Why Denmark?


Today, for this second article, we will be presenting the reasons for which we have chosen that countries that we will cross. We invite you to discover the world of education in Denmark!

Elected the happiest country in the world in 2016 and then ranked 3rd in the same list in 2018, this small Scandinavian country of just over 5.75 million inhabitants is a pioneer in terms of different education.

Kindergartens in the forest

As for France, two main files lead us to put Denmark in our priorities. Let us first look at the first: the Skovbørnehaver or kindergartens in the forest, an educational model that has always fascinated me.

The original idea for this concept is attributed to a Danish mother, Ella Flatau, who in 1950 reinvented the idea of kindergartens imagined by the German teacher Friedrich Fröbel based on a simple concept: children need to play, and do it in nature. She then created what she called ” Walking Kindergarten ” where every day the children would spend a few hours walking in the woods. Quickly, his idea snowballed and mothers from big cities like Copenhagen started to organize schools in the countryside to allow their children to leave the city for the day.

Over the years, the concept has continued to evolve and today, more than 20% of nursery schools in Denmark are established in the wild, more than 700 of them. Every day, rain or shine, whatever the weather, thousands of children aged from 3 to 6 spend their day in the middle of the forest, climbing trees, learning the names of flowers and animals, observing changes in nature and using many tools to build toys such as saws or knives. These groups of around 30 children are usually accompanied by 3 adults who advise them and who are ready to intervene if necessary, but who above all leave them free to explore, discover their limits and develop their imagination.

In this country where the average temperature of the coldest month is around zero, where summer is cool and short and where rain is common, this way of doing things may surprise. But many studies lean in favor of these schools, indicating, among other things, that children acquire great self-confidence, that they learn to respect nature, that they flourish physically, have a greater imagination and a more great adaptability, that they are more concentrated, that their relationships are less conflictual and that they are much less sick than other children.

The model is so popular that it is now found all over the world including in Germany, the United States, Australia, New Zealand, Malaysia, China, Japan and even Canada.

But how do these schools really work? What do the spaces they use look like? What motivates parents to choose this type of environment for their children? What is their educational program and what training do the teachers working there? What happens to these children once they start school? Several questions that pique our curiosity and that push us to want to look into the subject.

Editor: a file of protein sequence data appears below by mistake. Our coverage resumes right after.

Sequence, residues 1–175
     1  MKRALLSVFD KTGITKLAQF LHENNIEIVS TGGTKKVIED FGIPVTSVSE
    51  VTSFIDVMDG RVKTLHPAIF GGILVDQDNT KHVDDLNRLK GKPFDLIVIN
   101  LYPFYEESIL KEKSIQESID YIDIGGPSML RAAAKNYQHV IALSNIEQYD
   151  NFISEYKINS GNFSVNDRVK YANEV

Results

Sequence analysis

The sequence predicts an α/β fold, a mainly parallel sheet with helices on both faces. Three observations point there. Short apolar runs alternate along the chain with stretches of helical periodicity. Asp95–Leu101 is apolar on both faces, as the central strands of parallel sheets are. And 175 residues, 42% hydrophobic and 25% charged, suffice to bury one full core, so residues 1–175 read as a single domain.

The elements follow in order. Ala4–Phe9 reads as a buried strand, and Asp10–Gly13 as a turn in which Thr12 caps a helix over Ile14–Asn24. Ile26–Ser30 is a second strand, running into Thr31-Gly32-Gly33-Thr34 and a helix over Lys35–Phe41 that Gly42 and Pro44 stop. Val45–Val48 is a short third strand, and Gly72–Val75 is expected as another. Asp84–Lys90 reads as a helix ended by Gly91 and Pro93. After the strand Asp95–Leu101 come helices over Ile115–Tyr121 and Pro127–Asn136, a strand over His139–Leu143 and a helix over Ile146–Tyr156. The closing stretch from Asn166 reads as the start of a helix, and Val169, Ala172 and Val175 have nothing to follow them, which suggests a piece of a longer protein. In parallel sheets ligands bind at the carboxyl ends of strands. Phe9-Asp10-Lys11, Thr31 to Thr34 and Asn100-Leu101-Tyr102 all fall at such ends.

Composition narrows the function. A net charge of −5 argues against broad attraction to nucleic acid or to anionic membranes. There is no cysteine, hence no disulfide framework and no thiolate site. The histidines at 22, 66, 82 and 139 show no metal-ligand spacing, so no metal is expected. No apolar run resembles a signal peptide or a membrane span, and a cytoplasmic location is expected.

Compulsory kindness and empathy courses

In Denmark, education is compulsory from 6 to 16 years old. And during all these years, the children devote an hour a week to a lesson in obligatory kindness and empathy. Denmark is the only country in the world to have included this course in its national education program, even if Russia and the Netherlands also offer some, although in a much more punctual and less structured manner, workshops aimed at develop these skills.

Created in the early 1990s, this course, which is more like a workshop, is devoted, for example, to a discussion group in which everyone is invited to express themselves freely, to listen to others and to interact together or still in the theater, in the kitchen or in reading with the primary objectives of allowing everyone to express their emotions and develop mutual aid and kindness.

Although the interest of many, these courses are still poorly documented, but some studies conducted since 2002 have shown that empathetic students obtain better academic results. Experts also say they would make children happier, even after they become adults.

Could this be an interesting avenue to apply elsewhere in the world and particularly here in Quebec? Is there food for thought for our educational programs? In any case, we are convinced that it will be relevant to at least report on it. What do you think?

Thank you for following us week after week! Do not hesitate to leave us comments or share your ideas or questions!

See you next week,



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